All About Colposcopy: Benefits and What to Expect

All About Colposcopy: Benefits and What to Expect

Have you had an abnormal Pap smear result and are wondering what comes next? A colposcopy can help your medical team determine if there’s reason to be concerned or if an abnormal Pap smear was just a slight aberration. 

At Physicians for Women in Madison, Wisconsin, our team of reproductive health specialists is committed to early detection practices to help reduce cancer risks. That means annual gynecological exams, triannual Pap smears, and, if necessary, a colposcopy to check for signs of pre-cancerous cells in your cervix. 

The journey from Pap smear to colposcopy

A Pap smear checks for abnormal cervical cells. In most cases, abnormalities are caused by human papillomavirus (HPV). For most women who have HPV (and that’s most of us), slight changes in cervical tissue don’t affect our health, but for others, changes can lead to cell multiplication and if left unchecked, cervical cancer. 

When detected early, cervical cancer is highly treatable, which is why your Pap smear is so important. Sadly, fewer than 7 out of 10 women are up-to-date on their Pap smears, and this could give time for disease to progress. 

Our office uses the ThinPrep Pap Test. It’s regarded as the most effective and widely used test available, as well as proven to help with early detection of precancerous cervical cells. 

Most women’s Pap smears come back normal, If yours doesn’t, you don't need to panic, but you do need to schedule a followup. For younger women, the followup starts with HPV screening. For women over 30, we usually conduct an HPV test at the same time as your Pap smear, called co-testing.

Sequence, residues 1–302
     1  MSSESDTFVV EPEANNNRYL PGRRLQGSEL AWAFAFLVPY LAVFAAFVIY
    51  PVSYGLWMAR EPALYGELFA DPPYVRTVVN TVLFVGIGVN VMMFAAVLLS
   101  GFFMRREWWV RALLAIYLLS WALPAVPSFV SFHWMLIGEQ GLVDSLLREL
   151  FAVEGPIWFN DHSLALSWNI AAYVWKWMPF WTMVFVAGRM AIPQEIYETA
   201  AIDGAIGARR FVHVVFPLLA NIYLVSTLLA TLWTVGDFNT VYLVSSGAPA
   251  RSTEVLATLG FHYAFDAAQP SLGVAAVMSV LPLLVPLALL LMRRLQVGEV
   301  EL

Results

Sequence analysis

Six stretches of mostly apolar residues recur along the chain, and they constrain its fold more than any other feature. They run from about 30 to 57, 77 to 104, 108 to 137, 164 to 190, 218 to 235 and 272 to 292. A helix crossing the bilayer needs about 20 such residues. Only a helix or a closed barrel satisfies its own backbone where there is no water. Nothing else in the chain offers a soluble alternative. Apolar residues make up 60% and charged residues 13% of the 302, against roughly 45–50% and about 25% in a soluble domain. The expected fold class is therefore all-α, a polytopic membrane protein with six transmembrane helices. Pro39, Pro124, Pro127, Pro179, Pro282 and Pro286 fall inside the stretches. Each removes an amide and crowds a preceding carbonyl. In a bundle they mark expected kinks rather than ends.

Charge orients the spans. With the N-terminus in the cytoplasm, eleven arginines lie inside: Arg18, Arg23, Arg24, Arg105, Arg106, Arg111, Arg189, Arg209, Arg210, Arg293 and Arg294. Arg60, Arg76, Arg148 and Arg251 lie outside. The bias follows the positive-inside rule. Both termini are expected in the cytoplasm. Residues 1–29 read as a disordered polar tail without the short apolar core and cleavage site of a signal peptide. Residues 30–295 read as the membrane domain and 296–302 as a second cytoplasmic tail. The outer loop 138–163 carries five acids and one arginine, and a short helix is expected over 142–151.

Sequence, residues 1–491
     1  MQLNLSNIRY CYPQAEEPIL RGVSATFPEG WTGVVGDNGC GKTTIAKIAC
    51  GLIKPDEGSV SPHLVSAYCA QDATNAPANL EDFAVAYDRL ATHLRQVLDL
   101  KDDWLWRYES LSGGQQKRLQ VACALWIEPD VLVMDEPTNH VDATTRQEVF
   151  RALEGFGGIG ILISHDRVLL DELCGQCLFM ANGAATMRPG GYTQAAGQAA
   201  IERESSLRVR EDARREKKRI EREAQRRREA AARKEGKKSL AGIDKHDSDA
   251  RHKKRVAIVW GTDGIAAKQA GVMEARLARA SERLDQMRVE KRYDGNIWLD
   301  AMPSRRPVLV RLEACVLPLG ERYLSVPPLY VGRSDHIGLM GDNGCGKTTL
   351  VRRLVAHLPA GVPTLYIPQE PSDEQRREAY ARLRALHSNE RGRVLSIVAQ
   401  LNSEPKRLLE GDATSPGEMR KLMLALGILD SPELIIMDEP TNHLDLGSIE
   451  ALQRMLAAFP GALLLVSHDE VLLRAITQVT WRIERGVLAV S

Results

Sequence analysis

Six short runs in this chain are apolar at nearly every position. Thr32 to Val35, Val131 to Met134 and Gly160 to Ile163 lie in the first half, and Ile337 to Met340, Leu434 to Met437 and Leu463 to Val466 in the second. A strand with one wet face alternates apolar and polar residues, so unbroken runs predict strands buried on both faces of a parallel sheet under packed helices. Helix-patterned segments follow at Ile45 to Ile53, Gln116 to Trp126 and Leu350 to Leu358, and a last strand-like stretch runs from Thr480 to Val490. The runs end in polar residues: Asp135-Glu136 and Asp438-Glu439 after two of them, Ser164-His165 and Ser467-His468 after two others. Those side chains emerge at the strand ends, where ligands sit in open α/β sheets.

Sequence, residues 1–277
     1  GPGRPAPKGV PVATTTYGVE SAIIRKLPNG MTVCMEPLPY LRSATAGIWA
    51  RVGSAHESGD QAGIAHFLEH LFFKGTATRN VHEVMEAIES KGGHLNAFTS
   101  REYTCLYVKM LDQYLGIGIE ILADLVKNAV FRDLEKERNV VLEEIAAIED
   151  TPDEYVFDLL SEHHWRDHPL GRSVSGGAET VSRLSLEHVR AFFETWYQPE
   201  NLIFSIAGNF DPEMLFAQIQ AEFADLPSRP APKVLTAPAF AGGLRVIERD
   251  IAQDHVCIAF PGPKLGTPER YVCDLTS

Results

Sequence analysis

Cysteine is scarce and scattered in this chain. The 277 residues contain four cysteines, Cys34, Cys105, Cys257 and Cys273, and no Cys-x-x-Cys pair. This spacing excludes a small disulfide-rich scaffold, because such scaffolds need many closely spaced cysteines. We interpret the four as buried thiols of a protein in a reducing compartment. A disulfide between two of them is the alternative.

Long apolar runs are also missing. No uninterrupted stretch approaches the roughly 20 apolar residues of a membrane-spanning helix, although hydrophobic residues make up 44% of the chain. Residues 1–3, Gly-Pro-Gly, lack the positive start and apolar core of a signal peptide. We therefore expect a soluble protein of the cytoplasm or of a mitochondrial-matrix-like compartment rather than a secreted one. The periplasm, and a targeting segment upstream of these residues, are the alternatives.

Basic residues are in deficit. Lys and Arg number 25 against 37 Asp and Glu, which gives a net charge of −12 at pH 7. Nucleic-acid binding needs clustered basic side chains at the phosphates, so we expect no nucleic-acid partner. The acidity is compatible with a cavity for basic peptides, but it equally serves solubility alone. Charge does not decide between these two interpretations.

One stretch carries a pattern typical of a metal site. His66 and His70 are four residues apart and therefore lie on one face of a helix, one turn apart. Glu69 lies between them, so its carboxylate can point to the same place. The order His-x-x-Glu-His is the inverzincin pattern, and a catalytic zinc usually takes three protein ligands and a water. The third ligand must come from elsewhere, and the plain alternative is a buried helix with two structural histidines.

Negative HPV means we’ll probably add information to your file, monitor you, and schedule your next Pap for the subsequent year instead of three years after your abnormal Pap smear result. Positive HPV may mean we recommend a colposcopy.

Colposcopy Benefits and What to Expect

An abnormal Pap result plus a positive HPV test usually doesn’t mean cancer. It simply means you’re at increased risk for cancer. 

We may do a follow-up colposcopy, which is an up-close inspection of the cervix, to see if cellular abnormalities are being resolved by your body’s immune system (as happens with many HPV-positive women). 

What to expect

During the colposcopy, which is done in our office, you lie comfortably on your back and we insert the speculum, just as we do for your Pap smear. Your practitioner inserts the colposcope, which is a tube with a lens that lets us see a magnification of your cervix. 

We take a swab of mucus secretions, and might apply a little solution that helps us see abnormalities more clearly in the tissue. Your practitioner looks for any visible lesions or abnormalities, and, if necessary, we take a small sample of tissue for a biopsy.


The benefits of a colposcopy are that we can quickly see and identify if you have any pre-cancerous cells or lesions to be concerned about and start you on appropriate treatment if needed. If we don’t find anything, we can conclude that the abnormal Pap smear result was an aberration or that your body cleared an HPV flare on its own.     

Want more information about Pap smears, HPV, colposcopies, or cancer prevention? Contact our office at 608-218-4825, or book an appointment online.

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